By Denise Koch


BALTIMORE (WJZ)– WJZ recently introduced you to Mo Gabba, a fifth grader fighting cancer who just graduated this month.

RELATED: Blind 5th Grader With Cancer Graduates From Glen Burnie Elementary School

Denise Koch has more on the technology that made that feat possible.

Anne Arundel County Schools has begun using robots to help students who, for any number of reasons, cannot physically attend class.

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Peter Jauschnegg loves school, but his immune system is compromised by his cancer treatment and it would be too risky to attend.

His robot Marvin takes him there virtually. It’s best described as a segway with an iPad on top.

After months of online schooling, he found out in the hospital he was a candidate.

“I got so excited, I was like ‘mom! Mom! Read this email! Read this email! Read this email!'” he said.

For Peter and eight other Anne Arundel County students this year, the robots have allowed them to be in class while they heal. They control the robots using a keyboard.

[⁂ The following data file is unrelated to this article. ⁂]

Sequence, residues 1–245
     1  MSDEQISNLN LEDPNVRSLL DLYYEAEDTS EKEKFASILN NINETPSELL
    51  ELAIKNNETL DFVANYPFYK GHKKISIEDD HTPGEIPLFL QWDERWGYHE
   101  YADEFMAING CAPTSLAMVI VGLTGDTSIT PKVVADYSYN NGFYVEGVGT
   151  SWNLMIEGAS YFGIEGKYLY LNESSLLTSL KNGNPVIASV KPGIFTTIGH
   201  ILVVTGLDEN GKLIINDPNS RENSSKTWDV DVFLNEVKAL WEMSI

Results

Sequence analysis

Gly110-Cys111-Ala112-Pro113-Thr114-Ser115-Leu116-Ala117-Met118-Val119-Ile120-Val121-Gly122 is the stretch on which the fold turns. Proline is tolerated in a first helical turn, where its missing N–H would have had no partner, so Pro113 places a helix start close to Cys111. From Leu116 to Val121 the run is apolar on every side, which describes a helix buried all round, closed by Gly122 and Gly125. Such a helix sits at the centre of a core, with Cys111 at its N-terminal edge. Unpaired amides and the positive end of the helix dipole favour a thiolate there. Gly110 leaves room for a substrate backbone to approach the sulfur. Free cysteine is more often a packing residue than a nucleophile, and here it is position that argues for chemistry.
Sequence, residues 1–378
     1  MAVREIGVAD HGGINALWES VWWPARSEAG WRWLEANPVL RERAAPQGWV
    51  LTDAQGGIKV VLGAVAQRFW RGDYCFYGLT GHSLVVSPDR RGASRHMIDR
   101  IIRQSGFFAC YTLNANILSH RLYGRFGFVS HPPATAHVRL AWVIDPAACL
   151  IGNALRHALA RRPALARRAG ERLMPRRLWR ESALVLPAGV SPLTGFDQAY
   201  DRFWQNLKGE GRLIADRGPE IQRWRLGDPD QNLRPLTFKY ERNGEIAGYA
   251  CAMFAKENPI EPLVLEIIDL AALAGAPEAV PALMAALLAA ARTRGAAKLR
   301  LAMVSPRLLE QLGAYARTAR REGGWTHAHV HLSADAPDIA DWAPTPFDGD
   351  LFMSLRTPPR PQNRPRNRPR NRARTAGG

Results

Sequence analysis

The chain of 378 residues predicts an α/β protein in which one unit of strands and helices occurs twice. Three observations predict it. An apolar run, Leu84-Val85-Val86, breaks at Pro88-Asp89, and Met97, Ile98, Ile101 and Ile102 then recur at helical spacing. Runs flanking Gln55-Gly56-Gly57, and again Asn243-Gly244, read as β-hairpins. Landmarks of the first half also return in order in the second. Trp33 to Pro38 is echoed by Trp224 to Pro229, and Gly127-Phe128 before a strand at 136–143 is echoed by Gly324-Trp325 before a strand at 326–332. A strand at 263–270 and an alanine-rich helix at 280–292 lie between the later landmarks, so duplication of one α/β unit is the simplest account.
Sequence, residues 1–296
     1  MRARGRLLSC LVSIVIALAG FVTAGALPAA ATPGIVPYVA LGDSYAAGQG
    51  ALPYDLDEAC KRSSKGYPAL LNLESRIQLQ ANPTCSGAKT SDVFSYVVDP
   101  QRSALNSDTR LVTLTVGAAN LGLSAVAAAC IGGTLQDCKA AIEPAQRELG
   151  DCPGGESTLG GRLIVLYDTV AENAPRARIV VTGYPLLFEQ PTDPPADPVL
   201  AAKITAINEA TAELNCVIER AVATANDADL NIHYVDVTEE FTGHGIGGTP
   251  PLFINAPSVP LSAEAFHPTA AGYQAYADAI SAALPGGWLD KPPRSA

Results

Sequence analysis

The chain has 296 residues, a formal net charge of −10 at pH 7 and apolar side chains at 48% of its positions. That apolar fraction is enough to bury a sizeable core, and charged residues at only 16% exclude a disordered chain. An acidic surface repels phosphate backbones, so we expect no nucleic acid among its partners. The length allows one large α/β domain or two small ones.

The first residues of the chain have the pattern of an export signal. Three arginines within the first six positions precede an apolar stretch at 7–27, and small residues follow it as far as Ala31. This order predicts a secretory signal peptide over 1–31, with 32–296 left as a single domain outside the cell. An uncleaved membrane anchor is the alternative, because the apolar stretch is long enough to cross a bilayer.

The robots help academically, but maybe as important: socially and emotionally.

“Maybe most importantly, it’s having that lunch bunch; laughing with his friends,” teacher Doug Cattaneo said.

“It helps me when i’m in the hospital, cause I can’t really see my friends when I’m in the hospital and be in school at the same time,” Mo said.

“I’m actually motivated to go to school now,” Peter said.

Peter has since graduated from high school on time. He’s healthy and looking forward to college.

Mo will enter middle school in the fall.

Next year there will be 17 robots in Anne Arundel County Schools helping students stay on track and in touch.

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